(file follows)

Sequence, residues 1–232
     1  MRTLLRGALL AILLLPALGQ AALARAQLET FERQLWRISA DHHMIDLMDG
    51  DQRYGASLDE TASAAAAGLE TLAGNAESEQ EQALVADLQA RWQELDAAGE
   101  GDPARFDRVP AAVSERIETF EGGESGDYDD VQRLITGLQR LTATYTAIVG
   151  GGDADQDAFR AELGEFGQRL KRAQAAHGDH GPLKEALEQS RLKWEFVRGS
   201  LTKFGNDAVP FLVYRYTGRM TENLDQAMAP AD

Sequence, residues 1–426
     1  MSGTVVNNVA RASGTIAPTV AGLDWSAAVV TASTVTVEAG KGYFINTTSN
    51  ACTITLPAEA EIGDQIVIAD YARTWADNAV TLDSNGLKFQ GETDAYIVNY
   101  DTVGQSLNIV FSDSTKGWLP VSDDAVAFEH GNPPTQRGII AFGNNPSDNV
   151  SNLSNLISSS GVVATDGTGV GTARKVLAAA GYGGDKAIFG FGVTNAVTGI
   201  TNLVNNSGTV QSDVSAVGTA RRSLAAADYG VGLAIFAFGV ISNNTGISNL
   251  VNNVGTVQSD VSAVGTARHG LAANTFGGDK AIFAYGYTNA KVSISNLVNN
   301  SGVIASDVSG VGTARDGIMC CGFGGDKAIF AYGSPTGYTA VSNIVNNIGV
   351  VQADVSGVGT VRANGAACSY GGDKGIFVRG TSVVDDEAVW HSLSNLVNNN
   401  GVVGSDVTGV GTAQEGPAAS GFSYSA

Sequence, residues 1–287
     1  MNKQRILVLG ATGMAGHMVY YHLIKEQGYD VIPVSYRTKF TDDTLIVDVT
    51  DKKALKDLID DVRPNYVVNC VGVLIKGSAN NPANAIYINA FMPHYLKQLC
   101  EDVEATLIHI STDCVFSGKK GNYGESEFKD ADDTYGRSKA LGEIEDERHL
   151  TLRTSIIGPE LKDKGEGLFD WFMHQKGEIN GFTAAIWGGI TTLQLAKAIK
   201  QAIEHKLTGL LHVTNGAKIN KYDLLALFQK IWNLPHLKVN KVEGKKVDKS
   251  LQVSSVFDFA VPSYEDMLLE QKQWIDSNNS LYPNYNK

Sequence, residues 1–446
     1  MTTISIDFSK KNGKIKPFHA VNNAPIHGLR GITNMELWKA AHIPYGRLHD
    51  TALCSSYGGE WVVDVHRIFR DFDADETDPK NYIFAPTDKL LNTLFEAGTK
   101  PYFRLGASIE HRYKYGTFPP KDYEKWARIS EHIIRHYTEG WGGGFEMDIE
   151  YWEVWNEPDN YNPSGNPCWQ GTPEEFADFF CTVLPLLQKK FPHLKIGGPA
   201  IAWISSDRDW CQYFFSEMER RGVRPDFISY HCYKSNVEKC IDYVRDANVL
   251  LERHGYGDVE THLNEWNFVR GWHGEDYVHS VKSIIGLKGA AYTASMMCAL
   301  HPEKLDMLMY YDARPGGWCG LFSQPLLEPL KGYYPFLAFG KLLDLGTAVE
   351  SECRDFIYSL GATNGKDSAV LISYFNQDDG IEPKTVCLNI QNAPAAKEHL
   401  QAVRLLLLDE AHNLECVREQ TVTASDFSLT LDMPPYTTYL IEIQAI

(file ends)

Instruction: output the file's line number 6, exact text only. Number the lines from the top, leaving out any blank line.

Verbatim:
   201  LTKFGNDAVP FLVYRYTGRM TENLDQAMAP AD